M&S says it will “change ways of working permanently” and implement “very significant” cost-cutting measures when it publishes annual results next month overshadowed by the coronavirus crisis.
The retailer said it had seen “severely constrained” trading in its key clothing and home division during the lockdown and is preparing for more uncertainty during a “prolonged exit period”.
Food sales have also been hurt by the closure of cafes and a slowdown in trade at outlets based in railway stations and city centres as the pandemic restricts travel.
M&S, which was already preparing to make changes as it seeks to turn around its fortunes, added that the crisis had “created a very different way of working and rapid learning for the business at all levels”.
Under a “never the same again” strategy set to be revealed at the results day in three weeks’ time, it will “outline measures being taken to accelerate the transformation programme and change ways of working permanently”, the company added.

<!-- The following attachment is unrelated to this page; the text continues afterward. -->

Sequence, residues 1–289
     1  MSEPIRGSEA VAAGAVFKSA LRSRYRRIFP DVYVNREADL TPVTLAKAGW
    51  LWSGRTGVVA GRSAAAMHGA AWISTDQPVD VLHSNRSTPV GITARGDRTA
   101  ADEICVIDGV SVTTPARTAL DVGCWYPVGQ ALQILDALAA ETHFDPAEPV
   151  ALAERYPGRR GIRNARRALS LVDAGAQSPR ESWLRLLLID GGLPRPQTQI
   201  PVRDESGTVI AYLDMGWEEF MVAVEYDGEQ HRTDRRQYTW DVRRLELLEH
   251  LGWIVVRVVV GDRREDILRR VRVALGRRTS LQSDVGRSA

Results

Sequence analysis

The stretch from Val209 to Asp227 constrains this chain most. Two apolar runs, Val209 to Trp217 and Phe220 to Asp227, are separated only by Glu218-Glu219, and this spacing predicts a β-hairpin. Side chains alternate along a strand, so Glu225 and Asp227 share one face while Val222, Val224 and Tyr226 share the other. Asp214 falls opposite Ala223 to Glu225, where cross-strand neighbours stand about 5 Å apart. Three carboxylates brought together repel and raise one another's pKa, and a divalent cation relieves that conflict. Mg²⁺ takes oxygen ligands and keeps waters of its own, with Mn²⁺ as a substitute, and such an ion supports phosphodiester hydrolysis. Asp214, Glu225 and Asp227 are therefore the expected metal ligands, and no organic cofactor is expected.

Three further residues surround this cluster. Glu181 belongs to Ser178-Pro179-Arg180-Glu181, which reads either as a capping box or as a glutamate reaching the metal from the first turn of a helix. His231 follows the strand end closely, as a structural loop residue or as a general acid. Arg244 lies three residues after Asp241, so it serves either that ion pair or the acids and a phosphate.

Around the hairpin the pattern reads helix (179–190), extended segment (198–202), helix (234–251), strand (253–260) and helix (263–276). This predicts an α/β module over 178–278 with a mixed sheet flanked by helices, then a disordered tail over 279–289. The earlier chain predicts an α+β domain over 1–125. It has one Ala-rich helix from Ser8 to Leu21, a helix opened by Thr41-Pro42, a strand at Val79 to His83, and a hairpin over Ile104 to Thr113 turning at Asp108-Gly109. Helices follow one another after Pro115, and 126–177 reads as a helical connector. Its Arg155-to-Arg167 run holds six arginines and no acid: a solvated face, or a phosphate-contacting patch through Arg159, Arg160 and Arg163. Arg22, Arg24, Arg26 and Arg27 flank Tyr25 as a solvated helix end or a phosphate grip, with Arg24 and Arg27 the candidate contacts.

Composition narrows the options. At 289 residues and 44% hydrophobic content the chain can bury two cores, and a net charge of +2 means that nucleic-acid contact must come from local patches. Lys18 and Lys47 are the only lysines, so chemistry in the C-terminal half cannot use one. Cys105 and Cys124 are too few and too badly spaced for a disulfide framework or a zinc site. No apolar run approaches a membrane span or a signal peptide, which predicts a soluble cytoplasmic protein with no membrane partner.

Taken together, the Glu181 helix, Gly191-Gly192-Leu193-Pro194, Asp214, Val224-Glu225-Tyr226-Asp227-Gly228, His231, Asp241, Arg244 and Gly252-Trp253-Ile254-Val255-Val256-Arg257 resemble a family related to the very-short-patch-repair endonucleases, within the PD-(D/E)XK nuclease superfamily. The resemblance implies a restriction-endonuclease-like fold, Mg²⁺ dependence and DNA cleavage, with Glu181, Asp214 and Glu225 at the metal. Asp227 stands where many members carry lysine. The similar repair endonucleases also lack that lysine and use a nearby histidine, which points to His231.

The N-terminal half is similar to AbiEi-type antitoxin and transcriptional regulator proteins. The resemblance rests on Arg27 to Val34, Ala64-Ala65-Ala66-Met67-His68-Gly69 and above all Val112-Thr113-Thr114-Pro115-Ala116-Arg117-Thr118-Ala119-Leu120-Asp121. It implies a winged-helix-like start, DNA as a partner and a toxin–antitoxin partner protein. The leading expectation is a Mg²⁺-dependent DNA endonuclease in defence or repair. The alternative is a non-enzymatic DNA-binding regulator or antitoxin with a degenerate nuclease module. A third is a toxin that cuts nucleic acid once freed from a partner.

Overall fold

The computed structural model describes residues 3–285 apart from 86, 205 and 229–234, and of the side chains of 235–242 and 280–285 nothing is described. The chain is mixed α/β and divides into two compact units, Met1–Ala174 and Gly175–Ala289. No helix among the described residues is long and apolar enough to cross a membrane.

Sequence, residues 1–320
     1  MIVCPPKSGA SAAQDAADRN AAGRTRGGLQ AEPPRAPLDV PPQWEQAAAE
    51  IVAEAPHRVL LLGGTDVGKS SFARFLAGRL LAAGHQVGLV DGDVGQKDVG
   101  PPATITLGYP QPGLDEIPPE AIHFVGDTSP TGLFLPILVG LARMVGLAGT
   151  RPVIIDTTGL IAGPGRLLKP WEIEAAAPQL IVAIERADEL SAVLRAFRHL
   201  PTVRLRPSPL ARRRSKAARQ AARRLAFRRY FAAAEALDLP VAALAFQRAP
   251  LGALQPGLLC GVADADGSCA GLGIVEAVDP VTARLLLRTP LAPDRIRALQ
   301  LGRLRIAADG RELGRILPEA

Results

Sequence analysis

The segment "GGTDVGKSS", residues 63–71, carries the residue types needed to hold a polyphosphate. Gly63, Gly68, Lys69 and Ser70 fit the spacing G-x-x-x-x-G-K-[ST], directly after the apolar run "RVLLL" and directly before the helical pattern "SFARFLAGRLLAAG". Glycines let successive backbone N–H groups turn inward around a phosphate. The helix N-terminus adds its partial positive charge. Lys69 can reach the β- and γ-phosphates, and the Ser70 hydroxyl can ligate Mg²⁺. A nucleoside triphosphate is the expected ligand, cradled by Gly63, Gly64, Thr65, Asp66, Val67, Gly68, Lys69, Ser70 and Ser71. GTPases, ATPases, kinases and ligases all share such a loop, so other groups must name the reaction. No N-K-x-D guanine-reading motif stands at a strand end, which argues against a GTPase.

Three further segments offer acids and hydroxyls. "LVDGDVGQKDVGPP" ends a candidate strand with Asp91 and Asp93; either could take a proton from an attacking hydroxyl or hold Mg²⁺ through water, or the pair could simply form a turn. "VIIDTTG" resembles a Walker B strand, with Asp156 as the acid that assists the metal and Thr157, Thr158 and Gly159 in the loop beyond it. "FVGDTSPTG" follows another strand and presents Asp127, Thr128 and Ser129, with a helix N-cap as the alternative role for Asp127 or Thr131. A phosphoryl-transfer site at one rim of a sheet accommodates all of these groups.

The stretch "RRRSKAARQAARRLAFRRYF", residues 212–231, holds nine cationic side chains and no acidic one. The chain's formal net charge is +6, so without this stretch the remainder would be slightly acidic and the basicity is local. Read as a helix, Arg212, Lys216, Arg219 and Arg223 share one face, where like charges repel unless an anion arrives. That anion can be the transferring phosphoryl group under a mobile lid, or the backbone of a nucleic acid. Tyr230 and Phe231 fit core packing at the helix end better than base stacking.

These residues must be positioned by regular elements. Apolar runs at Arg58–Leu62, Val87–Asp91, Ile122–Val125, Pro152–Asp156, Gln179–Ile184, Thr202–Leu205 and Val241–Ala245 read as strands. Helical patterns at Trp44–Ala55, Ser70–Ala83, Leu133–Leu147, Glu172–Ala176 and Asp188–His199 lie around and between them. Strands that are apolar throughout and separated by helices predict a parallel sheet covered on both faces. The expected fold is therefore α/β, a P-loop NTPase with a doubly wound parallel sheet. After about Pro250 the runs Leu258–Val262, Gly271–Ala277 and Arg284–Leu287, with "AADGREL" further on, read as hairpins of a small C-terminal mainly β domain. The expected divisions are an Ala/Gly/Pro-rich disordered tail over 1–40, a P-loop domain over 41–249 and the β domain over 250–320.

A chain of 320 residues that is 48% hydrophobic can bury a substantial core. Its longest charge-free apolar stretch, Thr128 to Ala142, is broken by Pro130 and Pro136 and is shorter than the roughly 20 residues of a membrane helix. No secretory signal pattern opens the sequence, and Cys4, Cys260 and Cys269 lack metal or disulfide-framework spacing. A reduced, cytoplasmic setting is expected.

For now, the beleaguered retailer is shoring up its finances for the next 18 months by making new arrangements with lenders, accessing a government corporate finance support scheme and scrapping a dividend worth £210m.
Even before the lockdown, the company was already looking for a strategy to try to reverse years of relentless decline – which last year saw it relegated from the FTSE 100 after 35 years.
It has already acknowledged that profits for the 2019/20 financial year will fall short of the £440m pencilled in by analysts before the crisis struck.
The company’s latest outlook plans for a subdued period of trading for the rest of 2020 even after restrictions are lifted.
However it said its food business was on track for a tie-up with online grocer Ocado due to start in September which will make M&S products available for home delivery.
Sophie Lund-Yates, equity analyst at Hargreaves Lansdown, said the warning of subdued trading was a “welcome dose of foresight” by warning over an ongoing hit to trading.
She said: “It would be a mistake to think the high street’s going to see a sea of shoppers the second lockdown restrictions are lifted.”
However, the deal with Ocado should put it in a “good position” to benefit from a shift to online grocery, the analyst added.